What Dissociation Looks Like

Let’s look at dissociation and how it relates to anger. We know that anger can be either grounded or dissociated. In other words, I stay connected to the present moment, my senses engaged, and feel angry . . . or I lose that present moment connection and go into anger numbing instead.

These signs of dissociation happen when a person gets confronted with anger they’re afraid to feel.

  1. Feeling floaty or unreal; feeling you don’t really exist
  2. The sensation of being separate from what is going on around you
  3. Dizziness
  4. Nausea
  5. Sudden illness or physical problems like unexplained pain (especially back pain), itching, or even loss of the use of a limb, an eye, etc.
  6. Panic, or a panic attack.
  7. Confusion, bewilderment, or being unable to solve a problem you’d ordinarily be able to solve
  8. Feeling sluggish, sleepy, or “out of it”
  9. Going numb
  10. Shame
  11. Being unable to concentrate or “get it together”

Put a big star beside panic. Panic attacks almost always signal anger that’s being held back.

The Body in Anger Numbing Dissociation

What’s really happening during dissociation? When we dissociate, the parts of the brain where emotion is most observable get inhibited, while the prefrontal cortex activates. In other words, feeling areas go dark and cognitive control areas dominate.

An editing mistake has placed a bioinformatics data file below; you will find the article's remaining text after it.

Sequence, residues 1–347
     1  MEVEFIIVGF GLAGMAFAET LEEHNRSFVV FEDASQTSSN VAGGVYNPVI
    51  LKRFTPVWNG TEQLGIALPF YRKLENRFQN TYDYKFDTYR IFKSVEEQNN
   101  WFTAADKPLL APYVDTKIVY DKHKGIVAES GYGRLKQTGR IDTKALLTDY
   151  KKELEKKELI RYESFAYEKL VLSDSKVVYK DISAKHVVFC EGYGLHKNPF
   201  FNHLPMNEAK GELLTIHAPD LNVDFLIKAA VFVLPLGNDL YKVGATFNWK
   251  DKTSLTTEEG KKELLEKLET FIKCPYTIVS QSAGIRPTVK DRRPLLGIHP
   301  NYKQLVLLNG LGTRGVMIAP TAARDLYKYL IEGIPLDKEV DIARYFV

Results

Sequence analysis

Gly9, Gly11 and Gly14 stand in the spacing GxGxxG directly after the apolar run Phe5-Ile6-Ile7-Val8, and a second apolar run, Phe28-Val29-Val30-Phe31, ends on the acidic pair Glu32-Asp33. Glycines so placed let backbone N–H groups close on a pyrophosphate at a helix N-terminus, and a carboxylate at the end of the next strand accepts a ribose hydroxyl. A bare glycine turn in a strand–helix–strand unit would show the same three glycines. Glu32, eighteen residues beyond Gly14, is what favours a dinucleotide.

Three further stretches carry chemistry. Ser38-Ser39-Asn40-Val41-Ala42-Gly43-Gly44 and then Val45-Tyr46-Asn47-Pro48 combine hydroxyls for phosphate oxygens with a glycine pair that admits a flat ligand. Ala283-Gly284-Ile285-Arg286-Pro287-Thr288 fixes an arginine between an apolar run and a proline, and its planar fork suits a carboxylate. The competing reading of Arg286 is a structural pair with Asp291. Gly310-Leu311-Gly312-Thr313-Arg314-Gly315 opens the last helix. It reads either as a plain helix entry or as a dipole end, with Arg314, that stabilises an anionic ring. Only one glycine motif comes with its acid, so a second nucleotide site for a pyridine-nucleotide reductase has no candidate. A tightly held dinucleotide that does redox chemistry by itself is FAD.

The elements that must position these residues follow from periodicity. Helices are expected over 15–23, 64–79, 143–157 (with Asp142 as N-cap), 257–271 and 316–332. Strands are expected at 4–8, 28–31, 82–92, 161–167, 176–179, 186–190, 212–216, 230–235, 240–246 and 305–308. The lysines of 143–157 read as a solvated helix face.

Seems ironic huh? During dissociation, the part of your brain that plans, executes, and squelches your urges takes center stage to control your feelings, push them to the background. That prefrontal cortex slaps down your emotion centers.

And yet . . . I lose my sharp thinking when I dissociate. What’s up with that?

Dissociation has Survival Value

Anger dissociation protected us at some point. Newer evidence shows dissociation starts in infancy and allows a baby who is overstressed to “go numb,” rather than feel all that anger or terror. If you’re being neglected as a baby, your fear, rage, and seeking overload the emotion circuits, so to speak, and you mercifully dissociate through a shutting-down process in the lower part of the brain. For more on this subject, check out the work of Sandra Paulsen and colleagues.

So, anger numbing most likely helps us survive in early childhood when our young, stressed-out parents fail us in some way. But as adults, this once-adaptive numbing robs us of the ability to process information. And if we had to dissociate a lot as babies, that breaker-popping became an automatic default, as in “attention-deficit disorder,” depression, and a host of medical problems.

Sometimes, the barest hint that we’re angry triggers early childhood panic states and we go numb before we know it. Literally.

In The Anger Advantage, my colleagues and I shared a model called Anger Diversion. Today, I believe each of the diversion types we observed back then was a form of anger dissociation or anger-numbing.

So how do we change this ingrained pattern of anger-numbing? Let’s start here: Write down everything you know about your first three years. How well were your needs met? How and when do you dissociate now?

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